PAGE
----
2. Can you feel the top of your dog’s shoulder blades?
  3. Can you see the last rib in your dog? 
  4. Can you feel your dog’s spine but not see it?
  5. Can you feel your dog’s hip bones but not see them?
  6. Does your dog have an hourglass figure?
  7. Does your dog have a waist when you look at the side view?

If your answered “NO” to more than one of the questions, your pooch could probably lose a little weight.

How many extra pounds are okay?
We tend to think in pounds when we think of obesity, but the number of extra pounds that would be considered obese would depend on the size of the dog. Obesity occurs when a dog weighs more then 10 to 15 percent above his ideal or fit body weight. For example, a Chihuahua that should weigh 5 pounds (2.3 kg) will be obese if he carries an extra half pound (227 g), while a Labrador Retriever who should weigh 66 pounds (30 kg) might not be obese until he weighs more than 73 pounds (33 kg), or 7 pounds (3 kg) over his ideal body weight. The table on the following page lists obese weights for various sizes of dogs.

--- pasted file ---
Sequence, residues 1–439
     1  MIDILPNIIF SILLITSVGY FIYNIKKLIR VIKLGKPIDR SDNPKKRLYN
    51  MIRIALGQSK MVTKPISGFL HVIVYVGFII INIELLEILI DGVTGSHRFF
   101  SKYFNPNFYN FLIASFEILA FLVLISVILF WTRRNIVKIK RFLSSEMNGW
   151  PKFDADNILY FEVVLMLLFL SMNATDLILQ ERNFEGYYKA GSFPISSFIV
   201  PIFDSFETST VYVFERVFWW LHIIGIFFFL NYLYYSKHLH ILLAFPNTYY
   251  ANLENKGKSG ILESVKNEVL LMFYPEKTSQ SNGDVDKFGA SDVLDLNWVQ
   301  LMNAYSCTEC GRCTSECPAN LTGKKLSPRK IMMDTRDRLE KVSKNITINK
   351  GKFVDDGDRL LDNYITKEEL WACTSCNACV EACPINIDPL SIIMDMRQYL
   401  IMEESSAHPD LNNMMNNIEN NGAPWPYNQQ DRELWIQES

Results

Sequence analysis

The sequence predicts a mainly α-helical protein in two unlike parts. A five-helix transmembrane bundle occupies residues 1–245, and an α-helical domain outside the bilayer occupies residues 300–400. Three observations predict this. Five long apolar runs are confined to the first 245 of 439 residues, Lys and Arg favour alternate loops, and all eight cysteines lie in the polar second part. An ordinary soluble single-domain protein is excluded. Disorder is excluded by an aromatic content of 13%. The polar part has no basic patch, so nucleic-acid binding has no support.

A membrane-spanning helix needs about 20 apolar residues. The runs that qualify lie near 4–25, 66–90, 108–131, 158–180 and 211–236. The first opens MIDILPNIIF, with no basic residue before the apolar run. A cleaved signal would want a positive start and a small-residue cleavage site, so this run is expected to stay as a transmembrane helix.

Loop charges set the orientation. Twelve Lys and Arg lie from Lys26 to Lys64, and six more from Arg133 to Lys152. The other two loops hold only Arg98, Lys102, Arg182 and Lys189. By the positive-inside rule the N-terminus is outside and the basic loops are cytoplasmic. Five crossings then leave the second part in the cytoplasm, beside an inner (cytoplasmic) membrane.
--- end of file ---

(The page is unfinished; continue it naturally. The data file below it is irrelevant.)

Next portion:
Body weight by itself is not considered a 100 percent reliable indicator because dogs can vary greatly within a breed and the height and size of frame will also play a role in determining whether a dog is overweight. One of the most frequent comments we hear is that “my dog is not overweight, he’s just big-boned.” A dog can be big-boned and have a good BCS, including a tucked waist.

What causes canine obesity?
While there are medical conditions such as hypothyroidism that can cause your dog to gain weight, the most usual cause for obesity in dogs is too much food and not enough exercise. If your dog suddenly starts putting on the pounds, or if you’ve reduced his food and he’s having trouble losing weight, you definitely want to talk to your veterinarian.

Most pet dogs lead a fairly sedentary lifestyle. A leisurely walk around the neighbourhood does not provide a lot of calorie-burning exercise. Because of this, it’s important that the food your dog is getting doesn’t exceed his needs.